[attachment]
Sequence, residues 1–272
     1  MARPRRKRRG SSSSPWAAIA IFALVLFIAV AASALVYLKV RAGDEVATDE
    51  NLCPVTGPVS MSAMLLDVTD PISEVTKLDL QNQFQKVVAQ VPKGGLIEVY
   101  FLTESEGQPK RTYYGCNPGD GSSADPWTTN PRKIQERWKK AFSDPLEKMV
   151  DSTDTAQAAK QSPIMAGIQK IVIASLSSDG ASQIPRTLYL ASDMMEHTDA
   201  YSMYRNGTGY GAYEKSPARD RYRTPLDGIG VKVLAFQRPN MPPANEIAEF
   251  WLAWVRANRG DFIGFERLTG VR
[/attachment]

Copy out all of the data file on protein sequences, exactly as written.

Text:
Sequence, residues 1–272
     1  MARPRRKRRG SSSSPWAAIA IFALVLFIAV AASALVYLKV RAGDEVATDE
    51  NLCPVTGPVS MSAMLLDVTD PISEVTKLDL QNQFQKVVAQ VPKGGLIEVY
   101  FLTESEGQPK RTYYGCNPGD GSSADPWTTN PRKIQERWKK AFSDPLEKMV
   151  DSTDTAQAAK QSPIMAGIQK IVIASLSSDG ASQIPRTLYL ASDMMEHTDA
   201  YSMYRNGTGY GAYEKSPARD RYRTPLDGIG VKVLAFQRPN MPPANEIAEF
   251  WLAWVRANRG DFIGFERLTG VR